Recent satellite images indicate that North Korea is building a new tunnel at its nuclear test site, a respected US think tank has said.
A report on 38 North, a website run by the US-Korea Institute at the Johns Hopkins School of Advanced International Studies, studied images taken between April and November.
These appeared to show work in a new area of the Punggye-ri nuclear zone.
But, the report said, there is no sign that any nuclear test is imminent,
North Korea carried out three underground nuclear tests at Punggye-ri in 2006, 2009 and 2013. Its nuclear programme has been a source of great concern for the international community.
The tunnel identified in the latest imagery is in a new area of the site, separate from three other tunnels that the North has excavated or used for tests in the past, the report said.
"While there are no indications that a nuclear test is imminent, the new tunnel adds to North Korea's ability to conduct additional detonations over the coming years if it chooses to do so," it added.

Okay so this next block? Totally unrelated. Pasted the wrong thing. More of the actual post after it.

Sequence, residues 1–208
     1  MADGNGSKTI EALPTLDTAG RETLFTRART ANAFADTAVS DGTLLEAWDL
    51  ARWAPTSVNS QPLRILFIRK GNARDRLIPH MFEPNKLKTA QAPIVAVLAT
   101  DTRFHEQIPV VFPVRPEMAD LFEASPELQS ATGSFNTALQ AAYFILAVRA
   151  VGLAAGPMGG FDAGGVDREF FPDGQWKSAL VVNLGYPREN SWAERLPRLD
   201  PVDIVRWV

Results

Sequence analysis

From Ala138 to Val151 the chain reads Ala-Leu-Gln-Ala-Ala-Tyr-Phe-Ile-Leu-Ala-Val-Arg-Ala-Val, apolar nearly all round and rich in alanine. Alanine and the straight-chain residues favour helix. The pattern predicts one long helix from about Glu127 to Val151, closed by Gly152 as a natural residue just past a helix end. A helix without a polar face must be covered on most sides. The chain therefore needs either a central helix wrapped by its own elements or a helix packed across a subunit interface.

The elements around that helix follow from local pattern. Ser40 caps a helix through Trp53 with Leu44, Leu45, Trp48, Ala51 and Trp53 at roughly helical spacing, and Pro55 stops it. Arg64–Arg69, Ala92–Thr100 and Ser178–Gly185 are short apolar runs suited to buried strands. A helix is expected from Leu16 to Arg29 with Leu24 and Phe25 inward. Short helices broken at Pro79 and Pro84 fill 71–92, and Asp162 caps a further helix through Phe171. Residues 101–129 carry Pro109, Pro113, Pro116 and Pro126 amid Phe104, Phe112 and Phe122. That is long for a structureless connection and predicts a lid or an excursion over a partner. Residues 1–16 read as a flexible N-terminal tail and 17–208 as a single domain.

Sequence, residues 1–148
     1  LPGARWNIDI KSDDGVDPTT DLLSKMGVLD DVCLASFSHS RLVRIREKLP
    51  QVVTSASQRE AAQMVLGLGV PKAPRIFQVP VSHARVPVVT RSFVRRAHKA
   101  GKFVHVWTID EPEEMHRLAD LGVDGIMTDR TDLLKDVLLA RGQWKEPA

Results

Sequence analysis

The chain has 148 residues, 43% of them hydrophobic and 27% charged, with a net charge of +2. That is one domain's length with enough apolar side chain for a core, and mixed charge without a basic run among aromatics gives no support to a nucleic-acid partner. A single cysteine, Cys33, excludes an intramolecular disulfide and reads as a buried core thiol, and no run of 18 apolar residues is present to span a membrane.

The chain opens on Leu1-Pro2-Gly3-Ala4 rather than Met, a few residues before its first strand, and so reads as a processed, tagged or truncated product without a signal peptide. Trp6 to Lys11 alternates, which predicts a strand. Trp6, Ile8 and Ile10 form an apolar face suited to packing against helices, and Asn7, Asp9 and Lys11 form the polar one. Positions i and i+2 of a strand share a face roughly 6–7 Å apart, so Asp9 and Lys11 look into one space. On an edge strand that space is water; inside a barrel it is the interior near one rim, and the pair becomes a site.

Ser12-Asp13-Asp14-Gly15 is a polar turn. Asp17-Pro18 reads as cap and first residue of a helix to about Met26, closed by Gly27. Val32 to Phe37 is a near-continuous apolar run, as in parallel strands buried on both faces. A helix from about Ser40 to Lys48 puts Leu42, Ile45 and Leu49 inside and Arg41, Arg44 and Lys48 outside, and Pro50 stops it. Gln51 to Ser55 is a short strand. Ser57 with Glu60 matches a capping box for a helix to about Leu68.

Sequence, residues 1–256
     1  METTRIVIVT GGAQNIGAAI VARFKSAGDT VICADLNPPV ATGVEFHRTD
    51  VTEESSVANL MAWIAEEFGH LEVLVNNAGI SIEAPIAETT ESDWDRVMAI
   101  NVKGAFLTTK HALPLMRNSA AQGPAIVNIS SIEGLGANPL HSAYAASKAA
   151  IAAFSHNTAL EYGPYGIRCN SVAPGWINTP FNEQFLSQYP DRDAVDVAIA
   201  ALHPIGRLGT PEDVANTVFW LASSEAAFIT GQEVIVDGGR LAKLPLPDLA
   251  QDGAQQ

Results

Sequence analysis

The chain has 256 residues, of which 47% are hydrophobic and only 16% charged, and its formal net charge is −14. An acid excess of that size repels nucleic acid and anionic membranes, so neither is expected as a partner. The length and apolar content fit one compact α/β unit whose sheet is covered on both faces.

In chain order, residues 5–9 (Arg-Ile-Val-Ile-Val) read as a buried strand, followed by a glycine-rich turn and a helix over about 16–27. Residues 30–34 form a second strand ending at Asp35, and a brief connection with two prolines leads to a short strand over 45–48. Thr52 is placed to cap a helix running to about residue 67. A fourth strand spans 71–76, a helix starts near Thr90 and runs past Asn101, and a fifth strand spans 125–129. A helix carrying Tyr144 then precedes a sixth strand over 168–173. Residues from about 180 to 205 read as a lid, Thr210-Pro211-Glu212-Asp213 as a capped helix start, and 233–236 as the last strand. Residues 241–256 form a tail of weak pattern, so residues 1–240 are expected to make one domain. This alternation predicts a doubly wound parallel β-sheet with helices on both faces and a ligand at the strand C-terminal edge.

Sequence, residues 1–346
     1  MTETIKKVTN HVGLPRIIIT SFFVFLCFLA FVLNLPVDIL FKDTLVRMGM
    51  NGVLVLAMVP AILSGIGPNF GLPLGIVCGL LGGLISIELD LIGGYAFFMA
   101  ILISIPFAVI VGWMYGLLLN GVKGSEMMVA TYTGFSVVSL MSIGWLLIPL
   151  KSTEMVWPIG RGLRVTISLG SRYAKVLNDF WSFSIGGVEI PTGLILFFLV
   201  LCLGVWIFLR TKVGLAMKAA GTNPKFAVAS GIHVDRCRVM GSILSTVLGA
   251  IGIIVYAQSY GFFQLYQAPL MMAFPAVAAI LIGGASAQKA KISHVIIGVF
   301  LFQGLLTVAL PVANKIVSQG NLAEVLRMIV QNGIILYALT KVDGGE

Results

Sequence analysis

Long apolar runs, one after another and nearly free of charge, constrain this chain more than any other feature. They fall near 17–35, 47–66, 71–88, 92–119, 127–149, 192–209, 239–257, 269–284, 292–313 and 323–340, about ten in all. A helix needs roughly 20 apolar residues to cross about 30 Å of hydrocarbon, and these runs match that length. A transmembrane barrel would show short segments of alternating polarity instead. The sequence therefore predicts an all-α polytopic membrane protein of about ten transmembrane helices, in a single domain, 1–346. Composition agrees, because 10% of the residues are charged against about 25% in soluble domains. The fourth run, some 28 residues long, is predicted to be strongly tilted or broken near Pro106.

The commercially-available satellite imagery on which the researchers based their conclusions appear to show a new tunnel entrance, the site's fourth, as well as signs of construction work taking place as recently as October and November.
The report says some analysts believe each entrance connects to a single tunnel but there is debate about the exact nature and structure of the underground testing facility.
It is not the first indication of construction activity at the site. In October, South Korea's Yonhap news agency quoted a South Korean government source saying there were workers constructing a new tunnel at Punggye-ri.
In September North Korea said that its reactor at the Yongbyon nuclear facility, the source of plutonium for North Korea's nuclear weapons, had resumed normal operations.
Yongbyon's reactor was shut down in 2007 but Pyongyang vowed to restart it in 2013, following its third nuclear test and amid high regional tensions.